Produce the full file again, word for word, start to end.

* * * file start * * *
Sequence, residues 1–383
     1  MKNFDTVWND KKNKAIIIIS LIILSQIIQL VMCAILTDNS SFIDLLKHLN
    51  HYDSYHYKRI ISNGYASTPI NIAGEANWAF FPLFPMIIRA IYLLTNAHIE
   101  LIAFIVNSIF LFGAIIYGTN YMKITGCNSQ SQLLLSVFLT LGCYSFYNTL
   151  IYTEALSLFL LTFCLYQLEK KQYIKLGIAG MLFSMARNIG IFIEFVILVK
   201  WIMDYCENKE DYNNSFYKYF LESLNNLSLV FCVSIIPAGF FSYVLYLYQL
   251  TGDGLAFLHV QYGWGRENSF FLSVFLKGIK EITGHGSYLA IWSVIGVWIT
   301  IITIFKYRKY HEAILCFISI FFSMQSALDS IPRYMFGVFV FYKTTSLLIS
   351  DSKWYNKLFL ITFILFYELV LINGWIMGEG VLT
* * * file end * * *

Sequence, residues 1–383
     1  MKNFDTVWND KKNKAIIIIS LIILSQIIQL VMCAILTDNS SFIDLLKHLN
    51  HYDSYHYKRI ISNGYASTPI NIAGEANWAF FPLFPMIIRA IYLLTNAHIE
   101  LIAFIVNSIF LFGAIIYGTN YMKITGCNSQ SQLLLSVFLT LGCYSFYNTL
   151  IYTEALSLFL LTFCLYQLEK KQYIKLGIAG MLFSMARNIG IFIEFVILVK
   201  WIMDYCENKE DYNNSFYKYF LESLNNLSLV FCVSIIPAGF FSYVLYLYQL
   251  TGDGLAFLHV QYGWGRENSF FLSVFLKGIK EITGHGSYLA IWSVIGVWIT
   301  IITIFKYRKY HEAILCFISI FFSMQSALDS IPRYMFGVFV FYKTTSLLIS
   351  DSKWYNKLFL ITFILFYELV LINGWIMGEG VLT